The number of arrests for NYC subway fare evasion has increased 69% between 2008 and 2013, and is still growing, according to the Daily News. An arm of the NYPD’s questionable “broken windows” strategy for preventing higher level crimes by targeting minor offenses, fare beating has become one of the leading causes of arrest that leads to jail time. From 2008 to June of 2014, 37,500 people have been incarcerated for the crime, and 1,802 of them were minors. Justine Olderman of Bronx Defenders, who takes on many of the fare evasion cases, highlights the inequality of these charges:
“Our clients charged with theft of services are all predominately young, all predominately people of color, from under-resourced communities. The reason (for turnstile jumping) is always the same, poverty,” said Olderman. “Our clients are simply people who are trying to get home, to school, to work, to see their loved ones but don’t have the ability to pay.”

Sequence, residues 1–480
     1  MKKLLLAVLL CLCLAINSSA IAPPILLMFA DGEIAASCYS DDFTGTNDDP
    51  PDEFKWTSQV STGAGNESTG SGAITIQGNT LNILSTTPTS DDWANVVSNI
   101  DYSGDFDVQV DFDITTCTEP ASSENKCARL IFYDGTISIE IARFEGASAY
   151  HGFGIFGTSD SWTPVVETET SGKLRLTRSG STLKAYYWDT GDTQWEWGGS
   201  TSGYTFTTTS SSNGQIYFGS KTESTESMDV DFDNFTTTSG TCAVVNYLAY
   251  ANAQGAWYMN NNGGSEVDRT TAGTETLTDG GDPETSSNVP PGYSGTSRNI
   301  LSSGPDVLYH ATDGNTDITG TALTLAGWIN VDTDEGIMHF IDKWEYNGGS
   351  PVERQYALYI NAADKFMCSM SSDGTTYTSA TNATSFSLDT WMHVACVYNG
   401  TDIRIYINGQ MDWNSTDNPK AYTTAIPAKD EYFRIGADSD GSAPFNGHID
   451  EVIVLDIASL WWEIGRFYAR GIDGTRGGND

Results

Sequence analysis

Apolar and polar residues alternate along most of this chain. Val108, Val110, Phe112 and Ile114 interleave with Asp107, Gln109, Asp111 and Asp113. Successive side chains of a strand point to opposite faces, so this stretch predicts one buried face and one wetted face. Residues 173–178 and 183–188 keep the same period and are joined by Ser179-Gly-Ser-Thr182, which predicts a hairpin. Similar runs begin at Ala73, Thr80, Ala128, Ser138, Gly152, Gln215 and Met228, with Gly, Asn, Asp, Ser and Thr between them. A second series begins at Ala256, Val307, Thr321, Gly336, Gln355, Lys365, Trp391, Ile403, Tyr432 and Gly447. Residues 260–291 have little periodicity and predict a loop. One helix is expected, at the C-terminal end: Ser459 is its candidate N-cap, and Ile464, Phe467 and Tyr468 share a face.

Donna Lieberman of the NYCLU added:
“Every time you get arrested, you build up a record. And so if police train their sights disproportionately on black people, then black people are also going to be more likely to have a record for these minor offenses. And when you walk into court with a record, you’re less likely to be given the benefit of the doubt or a second chance,” said Donna Lieberman, executive director of the New York Civil Liberties Union.
“It’s important to think about the consequences of the decision to arrest somebody rather than give them a summons for something as minor as jumping a turnstile.”
(Photo: Bitch Cakes)